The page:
October’s Report on recent economic developments assesses domestic and international economic conditions in the light of developments in the first two quarters of the year and the outlook for the second two quarters. The main findings of the analysis were:
- The Italian recovery proceeds at a moderate pace: the PBO forecasts that GDP expanded by 2% in the third quarter and 0.1% in the fourth. These assessments point to average GDP growth for 2016, adjusted for the number of working days, of 0.8%. Unadjusted for the smaller number of working days compared with 2015, GDP in 2016 is projected to increase by 0.7%, compared with the 0.8% forecast in the Update to the Economic and Financial Document.
- This performance has been impacted by an easing of the growth in domestic demand, while developments in exports, although positive, have been limited by the persistent weakness of global trade, whose elasticity to global growth has experienced a structural decline.
- The consumption of Italian households has faltered recently, growing less than the increase in disposable income would permit.
- Investment has failed to revive, despite the improved profitability of firms and the easing of credit constraints. A factor in this is represented by the uncertain prospects for demand, which is holding back the expansion of capacity.
- Nevertheless, expectations of low demand are not slowing investments in rationalisation, intended to improve efficiency. The recent revision of the national accounts by Istat reveals improvements in manufacturing productivity and profitability in recent years. Since the low registered in 2009, manufacturing value added per hour worked has increased at an average quarterly pace of 7%, similar to that posted in the expansion of 2003-2007 before the crisis. This suggests that in the last two recessions resources have been reallocated to the more productive and profitable firms, i.e. those most successful in reorganising their production processes. Manufacturing thus appears to have emerged from the crisis with a smaller number of firms but with a higher average level of efficiency.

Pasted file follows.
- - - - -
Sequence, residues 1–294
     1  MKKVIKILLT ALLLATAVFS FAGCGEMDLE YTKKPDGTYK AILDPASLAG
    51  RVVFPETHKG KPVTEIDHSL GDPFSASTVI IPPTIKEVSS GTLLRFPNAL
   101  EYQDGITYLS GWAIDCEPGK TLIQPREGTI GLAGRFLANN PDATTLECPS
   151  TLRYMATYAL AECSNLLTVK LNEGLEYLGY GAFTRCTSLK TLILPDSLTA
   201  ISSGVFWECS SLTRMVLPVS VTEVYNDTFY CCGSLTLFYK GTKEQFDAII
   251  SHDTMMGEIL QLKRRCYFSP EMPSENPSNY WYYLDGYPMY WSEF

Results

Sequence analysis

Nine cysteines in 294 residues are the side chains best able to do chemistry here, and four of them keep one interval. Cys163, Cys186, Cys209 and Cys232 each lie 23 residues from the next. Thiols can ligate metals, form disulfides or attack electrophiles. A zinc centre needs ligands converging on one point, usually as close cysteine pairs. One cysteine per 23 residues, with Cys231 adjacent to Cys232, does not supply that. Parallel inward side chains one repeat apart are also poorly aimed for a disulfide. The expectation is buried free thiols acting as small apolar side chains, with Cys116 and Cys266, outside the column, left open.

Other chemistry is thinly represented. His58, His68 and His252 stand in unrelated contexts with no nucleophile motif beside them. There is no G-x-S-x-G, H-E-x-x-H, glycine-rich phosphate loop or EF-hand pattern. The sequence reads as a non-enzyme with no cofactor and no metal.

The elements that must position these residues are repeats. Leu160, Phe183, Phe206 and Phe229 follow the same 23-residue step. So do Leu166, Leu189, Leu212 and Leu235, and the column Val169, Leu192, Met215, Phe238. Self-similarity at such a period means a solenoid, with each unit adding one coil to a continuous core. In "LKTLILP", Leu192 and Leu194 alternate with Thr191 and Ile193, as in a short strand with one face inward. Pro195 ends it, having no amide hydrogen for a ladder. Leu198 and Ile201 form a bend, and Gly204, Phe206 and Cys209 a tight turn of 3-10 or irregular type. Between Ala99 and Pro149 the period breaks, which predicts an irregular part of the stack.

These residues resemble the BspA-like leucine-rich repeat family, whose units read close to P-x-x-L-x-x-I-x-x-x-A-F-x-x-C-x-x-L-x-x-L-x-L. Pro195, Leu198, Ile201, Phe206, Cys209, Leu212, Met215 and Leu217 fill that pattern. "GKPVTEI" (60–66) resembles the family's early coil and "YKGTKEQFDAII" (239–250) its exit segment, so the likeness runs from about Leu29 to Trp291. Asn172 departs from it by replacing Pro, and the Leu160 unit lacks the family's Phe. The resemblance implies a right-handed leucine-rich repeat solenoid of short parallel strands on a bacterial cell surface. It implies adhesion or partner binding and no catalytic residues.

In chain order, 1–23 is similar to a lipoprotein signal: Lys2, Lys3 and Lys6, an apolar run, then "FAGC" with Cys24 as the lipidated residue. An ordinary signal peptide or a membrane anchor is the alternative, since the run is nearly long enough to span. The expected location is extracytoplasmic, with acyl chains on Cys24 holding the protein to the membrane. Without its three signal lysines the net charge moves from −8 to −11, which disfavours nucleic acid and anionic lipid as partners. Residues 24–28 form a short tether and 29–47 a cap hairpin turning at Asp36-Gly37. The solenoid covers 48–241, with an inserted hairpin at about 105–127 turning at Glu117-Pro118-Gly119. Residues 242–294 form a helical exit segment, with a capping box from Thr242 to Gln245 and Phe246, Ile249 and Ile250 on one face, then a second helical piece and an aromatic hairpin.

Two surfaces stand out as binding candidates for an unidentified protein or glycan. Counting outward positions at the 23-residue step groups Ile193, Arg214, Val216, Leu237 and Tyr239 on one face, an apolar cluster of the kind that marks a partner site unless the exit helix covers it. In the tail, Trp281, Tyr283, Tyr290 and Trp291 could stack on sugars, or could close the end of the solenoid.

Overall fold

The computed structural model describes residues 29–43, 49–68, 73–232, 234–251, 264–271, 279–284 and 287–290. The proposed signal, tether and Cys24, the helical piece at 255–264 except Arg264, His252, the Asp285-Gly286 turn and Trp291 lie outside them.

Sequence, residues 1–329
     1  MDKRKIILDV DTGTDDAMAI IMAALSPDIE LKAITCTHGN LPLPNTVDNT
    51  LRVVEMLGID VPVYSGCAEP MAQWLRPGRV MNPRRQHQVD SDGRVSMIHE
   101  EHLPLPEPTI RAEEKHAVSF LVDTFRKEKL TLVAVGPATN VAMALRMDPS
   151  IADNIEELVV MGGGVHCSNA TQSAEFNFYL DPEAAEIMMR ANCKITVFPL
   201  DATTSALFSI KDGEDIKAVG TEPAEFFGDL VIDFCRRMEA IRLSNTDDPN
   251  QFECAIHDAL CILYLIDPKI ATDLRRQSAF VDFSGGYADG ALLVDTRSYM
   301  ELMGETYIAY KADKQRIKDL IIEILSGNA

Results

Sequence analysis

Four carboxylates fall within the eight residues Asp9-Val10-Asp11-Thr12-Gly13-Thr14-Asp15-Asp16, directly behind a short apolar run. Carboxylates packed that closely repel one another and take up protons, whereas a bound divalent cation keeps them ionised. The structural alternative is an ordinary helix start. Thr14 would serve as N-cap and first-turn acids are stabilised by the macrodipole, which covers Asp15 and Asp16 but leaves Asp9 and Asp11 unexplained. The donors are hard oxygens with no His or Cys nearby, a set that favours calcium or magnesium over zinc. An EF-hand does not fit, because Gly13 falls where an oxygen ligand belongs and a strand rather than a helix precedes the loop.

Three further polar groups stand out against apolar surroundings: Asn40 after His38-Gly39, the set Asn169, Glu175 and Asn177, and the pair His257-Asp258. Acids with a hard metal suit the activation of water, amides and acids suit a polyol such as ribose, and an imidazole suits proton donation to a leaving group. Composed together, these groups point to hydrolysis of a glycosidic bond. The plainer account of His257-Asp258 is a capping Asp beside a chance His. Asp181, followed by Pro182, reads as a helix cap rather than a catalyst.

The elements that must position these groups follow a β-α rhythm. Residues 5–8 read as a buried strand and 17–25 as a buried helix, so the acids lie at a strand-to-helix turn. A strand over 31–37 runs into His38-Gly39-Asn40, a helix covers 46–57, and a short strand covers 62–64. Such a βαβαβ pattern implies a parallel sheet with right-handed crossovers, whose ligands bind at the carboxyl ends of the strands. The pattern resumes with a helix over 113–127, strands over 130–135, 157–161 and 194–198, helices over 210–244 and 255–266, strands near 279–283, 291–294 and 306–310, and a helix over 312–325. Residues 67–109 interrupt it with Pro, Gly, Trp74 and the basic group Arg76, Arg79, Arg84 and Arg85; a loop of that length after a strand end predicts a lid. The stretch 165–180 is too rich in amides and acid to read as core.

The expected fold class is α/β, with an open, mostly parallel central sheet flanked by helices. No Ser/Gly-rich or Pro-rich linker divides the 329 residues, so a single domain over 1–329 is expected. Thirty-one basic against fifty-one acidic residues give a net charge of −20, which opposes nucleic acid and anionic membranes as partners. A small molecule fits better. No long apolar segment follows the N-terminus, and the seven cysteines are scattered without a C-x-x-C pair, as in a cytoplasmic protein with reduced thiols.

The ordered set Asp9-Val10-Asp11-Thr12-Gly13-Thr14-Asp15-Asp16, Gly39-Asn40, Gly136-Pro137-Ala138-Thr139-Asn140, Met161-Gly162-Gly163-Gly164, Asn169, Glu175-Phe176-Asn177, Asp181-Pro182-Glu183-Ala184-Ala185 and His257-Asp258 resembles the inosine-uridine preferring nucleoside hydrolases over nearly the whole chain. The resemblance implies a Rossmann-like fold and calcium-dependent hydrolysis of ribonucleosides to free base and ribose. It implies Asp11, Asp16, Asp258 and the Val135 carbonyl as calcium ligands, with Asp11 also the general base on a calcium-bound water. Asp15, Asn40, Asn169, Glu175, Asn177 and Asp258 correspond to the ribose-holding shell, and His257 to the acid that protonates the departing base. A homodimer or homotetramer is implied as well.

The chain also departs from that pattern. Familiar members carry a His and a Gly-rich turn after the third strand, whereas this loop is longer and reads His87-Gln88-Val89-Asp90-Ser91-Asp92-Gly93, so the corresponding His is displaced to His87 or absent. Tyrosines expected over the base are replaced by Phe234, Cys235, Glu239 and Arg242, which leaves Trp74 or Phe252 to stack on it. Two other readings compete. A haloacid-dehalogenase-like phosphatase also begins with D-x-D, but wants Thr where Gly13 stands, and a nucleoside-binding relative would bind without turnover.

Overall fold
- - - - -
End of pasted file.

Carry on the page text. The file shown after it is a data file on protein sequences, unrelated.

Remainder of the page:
- Employment has continued to perform well, even outpacing GDP. In the second quarter of 2016, the likelihood of the unemployed finding a job had risen by 5.5 percentage points on the previous year. Most recently, however, signs of a slowdown in employment growth have emerged, especially for open-ended hiring. Recent figures on the labour force and, above all, INPS data show a deceleration in the creation of new jobs, especially open-ended positions and transformations of fixed-term jobs to open-ended status. One factor in the slowdown has been the reduction of contribution relief in 2016.
- In September, the rate of inflation turned (barely) positive thanks to the rise in the prices of energy products. Domestic price pressures remain weak however. The proportion of goods in the Istat basket experiencing deflation remains high (31%), while the percentage of those experiencing very low inflation (below 0.5%) was 56%.